Robert Cutler Hinckley, 1853-1941.


Identities of the subjects in Hinckley's painting of the Abbott surgery, according to Dr. Henry Rouse Viets:   29 1.) Newspaper reporter.   2.) John Call Dalton.   3.) William Williamson Wellington.   4.) Abel Lawrence Peirson.   5.) Charles Hosea Hildreth.  6.) William Thomas Green Morton.   7.) Jonathan Mason Warren.   8.) Gilbert Abbott.   9.) John Collins Warren.   10.) Eben H. Frost.   11.) Charles Frederick Heywood.   12.) Henry Jacob Bigelow.   13.) Augustus Addison Gould.   14.) Solomon Davis Townsend.

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The only artist's representation of the Abbott operation that includes an MGH staff physician – aside from the unpublished proof states of Hall's engraving – is Robert C. Hinckley's monumental painting, "The First Operation with Ether," completed c1893. A young bearded doctor is seen bent over Abbott, clasping his hand and wrist to monitor his pulse rate and blood pressure. The presence of a staff physician during surgery was advisable, both to liaise with the medical wing of the hospital and to monitor a patient's vital signs, duties that were especially critical for the experimental first ether operations. Historical accounts name only Charles Bertody fulfilling this function for the Abbott operation, however, the medical historian Dr. Henry Rouse Viets mistakenly identified House-surgeon Charles Frederick Heywood as the monitor, published in a seven-page pamphlet distributed to attendees of an exhibition of Hinckley's painting at the 181st annual meeting of the Massachusetts Historical Society, May 22-24, 1962. His pamphlet was illustrated by a schematic that was captioned with his attributions for each subject in the painting. The Viets pamphlet has long since disappeared from circulation, but a thorough discussion of its contents and a reproduction of the schematic can be found in Richard Wolfe's extensive monograph on the Hinckley painting and is the resource for the commentary that follows.(24)

Wolfe published and discussed in depth Hinckley's suite of ten charcoal wash sketches that were his preliminary studies for the principals of the Abbott operation.   Similar to the forensic composites used by police in their fieldwork, these sketches enabled Hinckley to solicit opinions on identities while he was researching his painting. I believe one of these drawings, inscribed with the names "Beckwith" and "Dresser," was copied after Figure 10 (Daniel Denison Slade) in the reenactment daguerreotype.(25)   If I am right, then Hinckley's rendering of Figure 10 would explain the odd angle of the jaw and the skewed halves of the face in his sketch. It requires a keen eye and fastidious workmanship, yet an experienced visual artist is quite capable of reading and pivoting the linear perspectives of a photographic element, whether it's a nose, jaw, ear, or profile. The figure in Hinckley's painting who Viets identified as Hildreth, appropriates the staging of Figure 10, matching a shadowy lock of hair over his forehead and the tilt of head as he peered over the shoulder of Gould to get a better view of the patient.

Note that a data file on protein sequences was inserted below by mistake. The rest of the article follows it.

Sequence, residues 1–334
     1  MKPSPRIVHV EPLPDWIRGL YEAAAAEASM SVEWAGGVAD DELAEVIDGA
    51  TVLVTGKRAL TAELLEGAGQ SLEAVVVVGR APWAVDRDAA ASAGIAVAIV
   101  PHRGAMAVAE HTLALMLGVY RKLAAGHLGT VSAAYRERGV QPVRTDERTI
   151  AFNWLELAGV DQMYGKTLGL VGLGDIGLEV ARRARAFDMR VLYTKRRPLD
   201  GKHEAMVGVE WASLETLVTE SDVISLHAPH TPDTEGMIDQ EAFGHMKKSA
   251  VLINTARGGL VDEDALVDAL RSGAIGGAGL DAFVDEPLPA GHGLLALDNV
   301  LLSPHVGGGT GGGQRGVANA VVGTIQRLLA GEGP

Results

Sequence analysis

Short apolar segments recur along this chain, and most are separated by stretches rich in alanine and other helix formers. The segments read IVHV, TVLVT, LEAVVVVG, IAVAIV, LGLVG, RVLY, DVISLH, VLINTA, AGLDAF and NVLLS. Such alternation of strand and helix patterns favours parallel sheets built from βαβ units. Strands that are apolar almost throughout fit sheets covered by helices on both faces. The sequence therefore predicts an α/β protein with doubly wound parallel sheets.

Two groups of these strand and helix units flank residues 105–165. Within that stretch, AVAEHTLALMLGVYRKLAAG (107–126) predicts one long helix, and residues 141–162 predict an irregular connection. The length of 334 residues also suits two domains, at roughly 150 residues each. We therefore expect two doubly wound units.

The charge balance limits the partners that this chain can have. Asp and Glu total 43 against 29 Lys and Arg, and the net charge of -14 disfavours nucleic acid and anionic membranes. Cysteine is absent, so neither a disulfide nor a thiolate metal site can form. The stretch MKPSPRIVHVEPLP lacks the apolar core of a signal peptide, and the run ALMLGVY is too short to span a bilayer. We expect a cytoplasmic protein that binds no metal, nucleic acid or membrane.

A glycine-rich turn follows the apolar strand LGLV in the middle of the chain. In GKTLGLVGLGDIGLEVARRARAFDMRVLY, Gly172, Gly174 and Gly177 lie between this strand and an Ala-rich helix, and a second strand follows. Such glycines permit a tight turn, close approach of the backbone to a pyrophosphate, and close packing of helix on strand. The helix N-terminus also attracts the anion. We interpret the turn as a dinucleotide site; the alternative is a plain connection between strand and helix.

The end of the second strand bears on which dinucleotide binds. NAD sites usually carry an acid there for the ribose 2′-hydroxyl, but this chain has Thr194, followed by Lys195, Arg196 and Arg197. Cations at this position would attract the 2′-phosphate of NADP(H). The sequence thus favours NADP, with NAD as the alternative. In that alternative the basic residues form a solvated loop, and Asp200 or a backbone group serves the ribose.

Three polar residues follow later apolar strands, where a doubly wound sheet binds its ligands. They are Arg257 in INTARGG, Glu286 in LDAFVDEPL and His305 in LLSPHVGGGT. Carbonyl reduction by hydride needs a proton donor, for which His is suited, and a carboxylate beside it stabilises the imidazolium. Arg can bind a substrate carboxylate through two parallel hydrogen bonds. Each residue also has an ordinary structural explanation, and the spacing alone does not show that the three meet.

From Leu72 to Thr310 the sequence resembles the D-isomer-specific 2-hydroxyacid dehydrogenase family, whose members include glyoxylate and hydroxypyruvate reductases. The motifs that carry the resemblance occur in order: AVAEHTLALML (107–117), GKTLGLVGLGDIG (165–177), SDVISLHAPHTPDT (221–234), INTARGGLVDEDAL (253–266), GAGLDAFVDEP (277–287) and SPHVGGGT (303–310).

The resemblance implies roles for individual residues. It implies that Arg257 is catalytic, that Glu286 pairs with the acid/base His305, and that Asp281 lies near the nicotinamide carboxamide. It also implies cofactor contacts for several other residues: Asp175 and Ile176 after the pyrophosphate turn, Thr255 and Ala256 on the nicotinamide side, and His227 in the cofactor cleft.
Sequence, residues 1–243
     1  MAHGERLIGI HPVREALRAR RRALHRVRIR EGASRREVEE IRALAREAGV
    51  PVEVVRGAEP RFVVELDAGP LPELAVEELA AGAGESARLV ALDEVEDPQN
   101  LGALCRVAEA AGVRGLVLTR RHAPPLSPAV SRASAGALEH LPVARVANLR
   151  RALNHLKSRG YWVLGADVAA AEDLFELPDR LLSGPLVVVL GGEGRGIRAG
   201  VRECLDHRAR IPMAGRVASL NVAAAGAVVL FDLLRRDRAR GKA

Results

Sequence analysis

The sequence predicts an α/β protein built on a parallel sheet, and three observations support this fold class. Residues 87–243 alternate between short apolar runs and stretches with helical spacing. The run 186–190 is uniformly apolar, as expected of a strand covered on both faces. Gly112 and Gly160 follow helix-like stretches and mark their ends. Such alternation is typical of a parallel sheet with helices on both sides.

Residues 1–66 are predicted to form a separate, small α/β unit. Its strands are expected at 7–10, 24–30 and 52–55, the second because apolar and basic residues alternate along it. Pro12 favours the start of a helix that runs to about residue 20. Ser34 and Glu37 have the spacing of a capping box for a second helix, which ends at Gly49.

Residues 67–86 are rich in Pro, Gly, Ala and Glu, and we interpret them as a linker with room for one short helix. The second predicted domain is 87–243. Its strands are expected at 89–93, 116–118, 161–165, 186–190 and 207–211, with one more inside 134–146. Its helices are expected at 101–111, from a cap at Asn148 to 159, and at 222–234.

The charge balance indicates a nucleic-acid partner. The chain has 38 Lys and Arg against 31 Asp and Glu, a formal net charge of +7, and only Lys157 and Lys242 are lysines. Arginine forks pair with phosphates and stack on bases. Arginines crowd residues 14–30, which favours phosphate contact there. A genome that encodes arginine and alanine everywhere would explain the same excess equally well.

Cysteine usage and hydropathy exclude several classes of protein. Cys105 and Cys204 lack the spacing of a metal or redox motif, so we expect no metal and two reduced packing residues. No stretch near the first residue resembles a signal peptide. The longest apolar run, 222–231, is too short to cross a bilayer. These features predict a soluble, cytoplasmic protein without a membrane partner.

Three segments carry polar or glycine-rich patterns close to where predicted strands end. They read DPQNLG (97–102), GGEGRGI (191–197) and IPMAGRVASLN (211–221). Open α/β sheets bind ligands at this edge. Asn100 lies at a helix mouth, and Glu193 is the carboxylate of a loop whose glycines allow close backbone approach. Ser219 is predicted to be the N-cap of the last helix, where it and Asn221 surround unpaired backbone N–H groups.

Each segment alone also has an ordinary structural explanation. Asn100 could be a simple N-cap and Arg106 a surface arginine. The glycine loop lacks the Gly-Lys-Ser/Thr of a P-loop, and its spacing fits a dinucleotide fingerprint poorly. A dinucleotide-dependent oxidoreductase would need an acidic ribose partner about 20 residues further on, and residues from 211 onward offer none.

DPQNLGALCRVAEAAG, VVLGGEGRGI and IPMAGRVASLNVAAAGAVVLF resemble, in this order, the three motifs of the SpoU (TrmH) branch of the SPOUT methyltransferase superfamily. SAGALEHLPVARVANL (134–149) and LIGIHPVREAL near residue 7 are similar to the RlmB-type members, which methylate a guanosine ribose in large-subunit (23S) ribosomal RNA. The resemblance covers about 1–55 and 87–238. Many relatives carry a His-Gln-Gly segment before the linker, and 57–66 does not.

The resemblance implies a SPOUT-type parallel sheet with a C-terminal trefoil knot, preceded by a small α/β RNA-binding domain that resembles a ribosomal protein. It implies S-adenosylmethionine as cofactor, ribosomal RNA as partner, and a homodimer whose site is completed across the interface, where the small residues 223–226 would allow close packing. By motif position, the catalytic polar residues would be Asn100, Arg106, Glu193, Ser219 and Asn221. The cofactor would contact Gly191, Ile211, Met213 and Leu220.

Comparative images of Hinckley's subject who can be identified as Dr. Daniel Denison Slade.   Left panel: view of Drs. Slade (top), and Heywood (bottom), from the reenactment daguerreotype.   Center panel: detail of Hinckley's preparatory study for his painting of the Abbott operation. Archived at the Countway Library.   Right panel: detail of Slade's profile in Hinckley's painting.